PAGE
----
From: Jeff Comer (jeffcomer_at_gmail.com)
Date: Tue Sep 01 2015 - 08:40:14 CDT
This answer might be too simplistic, but in general you want to sample with
a period on the order of the correlation time of the process you're
studying. This correlation time can be quantified by computing the
autocorrelation function of the quantity of interest. If your samples are
taken with a period much shorter than the correlation time, they contain
redundant information and are occupying more disk space than is necessary.
If your samples are taken at a period much longer than the correlation
time, then you are throwing away perfectly good samples and doing more
computation than necessary to get a precise average.
The correlation time is a guide for doing things like calculating the mean
number of water molecules inside of a cavity (you want a dcdFreq just a bit
shorter than the typical time for molecules to enter and leave the cavity,
which could be ~ns) or calculating the mean force on a solute molecule in
solution (for small solutes the force is correlated on the ~50 fs
Practically speaking, it sometimes happens to me that I use a dcdFreq of,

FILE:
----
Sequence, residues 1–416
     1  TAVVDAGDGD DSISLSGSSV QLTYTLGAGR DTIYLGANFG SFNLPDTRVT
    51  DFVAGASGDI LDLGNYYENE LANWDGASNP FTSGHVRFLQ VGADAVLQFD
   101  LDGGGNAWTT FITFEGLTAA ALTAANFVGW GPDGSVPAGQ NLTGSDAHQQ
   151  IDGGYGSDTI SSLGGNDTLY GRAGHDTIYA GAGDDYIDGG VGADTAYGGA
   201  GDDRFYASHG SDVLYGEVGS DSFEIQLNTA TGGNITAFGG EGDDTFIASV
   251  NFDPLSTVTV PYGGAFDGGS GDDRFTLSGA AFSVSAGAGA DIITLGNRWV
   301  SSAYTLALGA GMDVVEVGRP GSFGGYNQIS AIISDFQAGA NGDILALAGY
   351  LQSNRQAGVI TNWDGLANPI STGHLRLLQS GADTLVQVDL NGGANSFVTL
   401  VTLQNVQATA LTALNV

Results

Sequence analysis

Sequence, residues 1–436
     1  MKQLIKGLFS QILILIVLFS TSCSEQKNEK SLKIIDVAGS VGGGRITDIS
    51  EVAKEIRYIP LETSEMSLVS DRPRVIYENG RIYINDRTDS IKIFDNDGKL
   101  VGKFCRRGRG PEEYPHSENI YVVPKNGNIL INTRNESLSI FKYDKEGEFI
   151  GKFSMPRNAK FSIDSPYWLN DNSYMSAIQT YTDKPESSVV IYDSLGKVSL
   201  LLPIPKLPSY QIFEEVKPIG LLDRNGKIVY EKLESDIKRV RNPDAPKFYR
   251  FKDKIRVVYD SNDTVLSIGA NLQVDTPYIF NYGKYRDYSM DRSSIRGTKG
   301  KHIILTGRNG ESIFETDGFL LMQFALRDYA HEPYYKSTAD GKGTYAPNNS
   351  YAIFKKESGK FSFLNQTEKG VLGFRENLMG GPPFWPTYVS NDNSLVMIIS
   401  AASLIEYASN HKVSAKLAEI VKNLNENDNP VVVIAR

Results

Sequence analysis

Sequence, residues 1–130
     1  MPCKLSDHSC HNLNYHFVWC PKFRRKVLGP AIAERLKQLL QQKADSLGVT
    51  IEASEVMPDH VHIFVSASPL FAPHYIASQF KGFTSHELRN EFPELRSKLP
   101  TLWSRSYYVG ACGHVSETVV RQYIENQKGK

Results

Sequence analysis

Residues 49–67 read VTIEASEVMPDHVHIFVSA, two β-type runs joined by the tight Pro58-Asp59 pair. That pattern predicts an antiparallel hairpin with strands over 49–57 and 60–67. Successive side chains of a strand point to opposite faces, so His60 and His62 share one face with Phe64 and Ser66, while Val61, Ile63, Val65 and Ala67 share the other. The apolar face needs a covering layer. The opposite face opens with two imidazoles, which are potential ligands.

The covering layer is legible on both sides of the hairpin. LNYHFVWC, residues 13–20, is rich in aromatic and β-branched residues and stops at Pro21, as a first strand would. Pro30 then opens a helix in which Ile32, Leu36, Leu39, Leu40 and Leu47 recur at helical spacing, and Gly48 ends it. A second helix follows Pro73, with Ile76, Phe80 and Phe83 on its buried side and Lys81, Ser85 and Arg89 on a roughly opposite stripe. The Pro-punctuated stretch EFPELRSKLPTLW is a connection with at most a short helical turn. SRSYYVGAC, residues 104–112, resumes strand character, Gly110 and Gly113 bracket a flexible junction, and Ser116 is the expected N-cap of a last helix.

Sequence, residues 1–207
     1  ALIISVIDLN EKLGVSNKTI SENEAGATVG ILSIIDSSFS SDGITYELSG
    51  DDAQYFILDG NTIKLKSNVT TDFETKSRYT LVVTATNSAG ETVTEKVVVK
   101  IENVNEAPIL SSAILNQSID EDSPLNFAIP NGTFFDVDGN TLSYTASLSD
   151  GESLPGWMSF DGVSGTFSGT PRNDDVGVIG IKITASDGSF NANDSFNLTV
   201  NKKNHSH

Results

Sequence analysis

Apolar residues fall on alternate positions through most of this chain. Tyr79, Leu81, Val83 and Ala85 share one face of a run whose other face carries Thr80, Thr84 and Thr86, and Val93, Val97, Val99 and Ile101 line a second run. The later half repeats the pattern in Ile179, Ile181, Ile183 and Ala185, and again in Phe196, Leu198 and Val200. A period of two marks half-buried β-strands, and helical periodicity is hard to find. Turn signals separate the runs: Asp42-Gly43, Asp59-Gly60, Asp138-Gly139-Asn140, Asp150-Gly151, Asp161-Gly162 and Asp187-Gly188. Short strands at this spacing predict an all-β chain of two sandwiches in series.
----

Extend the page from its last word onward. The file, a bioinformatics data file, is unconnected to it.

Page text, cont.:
say, 20000, to save disk space, but later I realize that I want to analyze
something that takes place on a faster timescale. So it's often best to
choose a dcdFreq lower than what you think you will need. One option is to
sample just one or a few particular variables with high time resolution,
using Colvars and a small colvarsTrajFrequency. Of course if you later
decide you're interested in another variable, you have to go to the dcd.
Jeffrey Comer, PhD
Institute of Computational Comparative Medicine
Nanotechnology Innovation Center of Kansas State
Kansas State University
Office: P-213 Mosier Hall
On Mon, Aug 31, 2015 at 2:02 PM, Dr. Eddie <eackad_at_gmail.com> wrote:
> Hello all,
> I have a simple question which I know does not have a simple answer: what
> is the largest sampling frequency (dcd output) I need?
> I'm looking for any theoretical work on how to know when: 1) the system
> has converged 2) the sampling rate of the system is sufficiently small to
> NOT alias too much information?
> I understand in work with conformational changes in the protein this is
> not an issue. However, for those working on studying the steady-state
> behaviour, how do you tell when your system has a "good" sampling of the
> conformational space so you can extract statistically relevant information
> from it? My goal is to understand this for regular MD so that In can use
> replica exchange which (hopefully) will give the same information in less
> Any references or help would be very helpful!
This archive was generated by hypermail 2.1.6 : Tue Dec 27 2016 - 23:21:17 CST